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Development of pyrrolizidine alkaloid detection methods for the assessment of food contamination and impact on human and animal health

Total Cost €


EC-Contrib. €






Project "PATOX" data sheet

The following table provides information about the project.


Organization address
postcode: BT7 1NN

contact info
title: n.a.
name: n.a.
surname: n.a.
function: n.a.
email: n.a.
telephone: n.a.
fax: n.a.

 Coordinator Country United Kingdom [UK]
 Project website
 Total cost 183˙454 €
 EC max contribution 183˙454 € (100%)
 Programme 1. H2020-EU.1.3.2. (Nurturing excellence by means of cross-border and cross-sector mobility)
 Code Call H2020-MSCA-IF-2014
 Funding Scheme MSCA-IF-EF-ST
 Starting year 2016
 Duration (year-month-day) from 2016-01-18   to  2018-01-17


Take a look of project's partnership.

# participants  country  role  EC contrib. [€] 
1    THE QUEEN'S UNIVERSITY OF BELFAST UK (BELFAST) coordinator 183˙454.00


 Project objective

Pyrrolizidine alkaloids are more than 600 individual compounds that are hazardous for animals and humans if ingested. The 3% of the flowering plants produce these type of molecules and grow as weeds in agricultural production systems throughout the world where they can contaminate commonly consumed foods (eg. grain, milk, meat, eggs, honey, pollen). Chronic exposure to low concentrations of these alkaloids can be the cause of progressive, chronic disease (hepatic damage, vascular obstructive disease, and cancer) that may be difficult to attribute to their presence in food. The 2007 statement from the European Food Safety Authority calls to generate more quantitative data sets on pyrrolizidine alkaloids levels in milk and honey, and to determine which PA plants and/or marker PA need to be considered relevant in animal feed. In the same direction, this Authority pointed in 2011 that toxicological data for pyrrolizidine alkaloids commonly found in honey was needed. Even though some countries have regulated the concentration of pyrrolizidine alkaloids in herbs used in traditional medicines, a general European legislation regulating the concentrations of these alkaloids in food is still pending. The present project propose the use of state of the art technology (UPLC-Qtof-MS, antibody microarrays) to better understand the distribution of pyrrolizidine alkaloids producing plants in relation to food content, and determine the incidence of exposure to these molecules in humans and animals. The results will impact several levels of society, the scientific results will provide science legal advisors with solid data to better inform law makers in the regulation of pyrrolizidine alkaloids in food, society will gain knowledge on the exposure to this type of molecules and on hazardous dietary habits, and food industry will benefit through the introduction of practices to avoid pyrrolizidine alkaloids containing components in food.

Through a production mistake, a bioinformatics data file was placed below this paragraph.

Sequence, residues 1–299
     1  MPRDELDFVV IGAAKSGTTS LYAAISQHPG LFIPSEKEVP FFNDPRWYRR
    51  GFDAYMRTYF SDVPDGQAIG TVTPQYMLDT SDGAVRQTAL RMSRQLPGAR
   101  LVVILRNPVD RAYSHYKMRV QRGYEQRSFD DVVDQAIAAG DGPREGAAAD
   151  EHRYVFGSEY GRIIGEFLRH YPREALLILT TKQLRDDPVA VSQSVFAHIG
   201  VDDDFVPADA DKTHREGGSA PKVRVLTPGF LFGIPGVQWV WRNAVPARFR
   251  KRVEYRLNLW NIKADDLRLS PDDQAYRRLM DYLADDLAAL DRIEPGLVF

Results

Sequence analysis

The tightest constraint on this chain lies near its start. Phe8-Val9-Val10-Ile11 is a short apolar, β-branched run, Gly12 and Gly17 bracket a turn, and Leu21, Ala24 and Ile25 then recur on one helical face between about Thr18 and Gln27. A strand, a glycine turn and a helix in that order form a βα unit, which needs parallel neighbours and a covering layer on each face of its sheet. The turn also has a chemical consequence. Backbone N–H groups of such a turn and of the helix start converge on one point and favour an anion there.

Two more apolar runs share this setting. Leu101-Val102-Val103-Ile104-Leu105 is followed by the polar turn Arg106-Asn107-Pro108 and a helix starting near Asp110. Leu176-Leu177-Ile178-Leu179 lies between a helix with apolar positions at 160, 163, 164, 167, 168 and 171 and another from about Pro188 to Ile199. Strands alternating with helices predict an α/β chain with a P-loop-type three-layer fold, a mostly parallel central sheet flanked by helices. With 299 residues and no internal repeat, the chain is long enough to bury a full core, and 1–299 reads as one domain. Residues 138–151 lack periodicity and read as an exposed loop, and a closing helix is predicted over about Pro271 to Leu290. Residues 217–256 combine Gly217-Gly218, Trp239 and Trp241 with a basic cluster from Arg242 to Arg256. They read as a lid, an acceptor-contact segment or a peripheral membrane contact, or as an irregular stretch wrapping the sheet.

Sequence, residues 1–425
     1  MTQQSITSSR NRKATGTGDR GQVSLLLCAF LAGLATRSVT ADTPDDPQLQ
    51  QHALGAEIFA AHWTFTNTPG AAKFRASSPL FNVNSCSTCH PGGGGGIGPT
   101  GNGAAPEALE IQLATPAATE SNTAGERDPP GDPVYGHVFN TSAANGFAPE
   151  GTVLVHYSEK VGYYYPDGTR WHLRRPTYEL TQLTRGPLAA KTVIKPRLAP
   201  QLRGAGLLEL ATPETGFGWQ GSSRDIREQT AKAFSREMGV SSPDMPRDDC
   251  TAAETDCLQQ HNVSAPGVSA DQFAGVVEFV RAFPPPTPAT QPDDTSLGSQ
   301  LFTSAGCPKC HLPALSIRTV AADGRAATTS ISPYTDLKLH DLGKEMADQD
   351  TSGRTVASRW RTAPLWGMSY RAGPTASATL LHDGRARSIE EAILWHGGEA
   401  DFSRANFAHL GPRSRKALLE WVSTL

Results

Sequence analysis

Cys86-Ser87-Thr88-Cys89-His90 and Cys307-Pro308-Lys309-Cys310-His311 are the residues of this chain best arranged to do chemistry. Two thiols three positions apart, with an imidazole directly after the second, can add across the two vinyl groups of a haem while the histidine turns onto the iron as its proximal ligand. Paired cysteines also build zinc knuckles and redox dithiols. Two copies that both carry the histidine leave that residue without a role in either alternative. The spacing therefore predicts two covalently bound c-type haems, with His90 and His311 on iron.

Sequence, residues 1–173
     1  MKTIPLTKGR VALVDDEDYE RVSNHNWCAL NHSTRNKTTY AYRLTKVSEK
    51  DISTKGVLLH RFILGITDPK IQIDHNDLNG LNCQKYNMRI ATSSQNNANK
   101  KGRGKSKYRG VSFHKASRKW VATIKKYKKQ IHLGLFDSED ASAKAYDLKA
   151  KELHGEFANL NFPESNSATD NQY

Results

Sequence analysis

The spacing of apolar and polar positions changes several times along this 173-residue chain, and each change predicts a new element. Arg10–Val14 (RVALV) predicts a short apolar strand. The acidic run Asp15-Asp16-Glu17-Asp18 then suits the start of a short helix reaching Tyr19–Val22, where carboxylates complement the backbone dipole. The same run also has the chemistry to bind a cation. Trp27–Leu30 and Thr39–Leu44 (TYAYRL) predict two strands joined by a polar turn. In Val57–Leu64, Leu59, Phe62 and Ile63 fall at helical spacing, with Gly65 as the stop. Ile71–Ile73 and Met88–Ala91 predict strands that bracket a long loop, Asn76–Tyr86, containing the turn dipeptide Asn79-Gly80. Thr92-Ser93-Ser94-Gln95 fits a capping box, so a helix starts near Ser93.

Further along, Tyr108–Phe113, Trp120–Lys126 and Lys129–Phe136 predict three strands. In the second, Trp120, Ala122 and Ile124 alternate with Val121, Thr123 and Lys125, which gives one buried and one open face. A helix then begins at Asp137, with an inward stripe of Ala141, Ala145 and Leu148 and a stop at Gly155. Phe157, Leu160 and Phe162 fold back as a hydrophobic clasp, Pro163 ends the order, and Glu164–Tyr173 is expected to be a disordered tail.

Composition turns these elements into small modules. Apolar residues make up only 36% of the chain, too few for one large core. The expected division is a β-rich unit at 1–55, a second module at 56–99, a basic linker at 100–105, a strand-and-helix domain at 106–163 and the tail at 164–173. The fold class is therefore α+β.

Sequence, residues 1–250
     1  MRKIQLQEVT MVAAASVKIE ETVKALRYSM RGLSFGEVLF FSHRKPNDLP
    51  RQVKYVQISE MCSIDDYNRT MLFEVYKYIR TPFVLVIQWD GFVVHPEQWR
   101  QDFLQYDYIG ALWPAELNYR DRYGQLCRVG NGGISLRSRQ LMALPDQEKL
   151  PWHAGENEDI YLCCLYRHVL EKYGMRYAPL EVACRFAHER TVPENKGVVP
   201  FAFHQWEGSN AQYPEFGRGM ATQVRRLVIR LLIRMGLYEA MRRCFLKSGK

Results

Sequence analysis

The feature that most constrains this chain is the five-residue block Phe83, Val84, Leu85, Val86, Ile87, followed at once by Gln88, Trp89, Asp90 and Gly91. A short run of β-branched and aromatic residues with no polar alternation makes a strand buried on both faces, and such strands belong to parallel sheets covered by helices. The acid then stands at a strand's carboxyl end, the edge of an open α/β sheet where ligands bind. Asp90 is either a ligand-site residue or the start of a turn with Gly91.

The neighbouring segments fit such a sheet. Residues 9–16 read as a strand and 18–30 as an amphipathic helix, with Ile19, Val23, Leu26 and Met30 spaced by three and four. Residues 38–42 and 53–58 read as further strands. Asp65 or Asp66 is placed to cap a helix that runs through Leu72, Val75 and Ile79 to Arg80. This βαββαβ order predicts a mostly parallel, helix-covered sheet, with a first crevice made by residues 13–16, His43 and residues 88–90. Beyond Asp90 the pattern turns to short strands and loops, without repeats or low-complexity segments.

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The information about "PATOX" are provided by the European Opendata Portal: CORDIS opendata.

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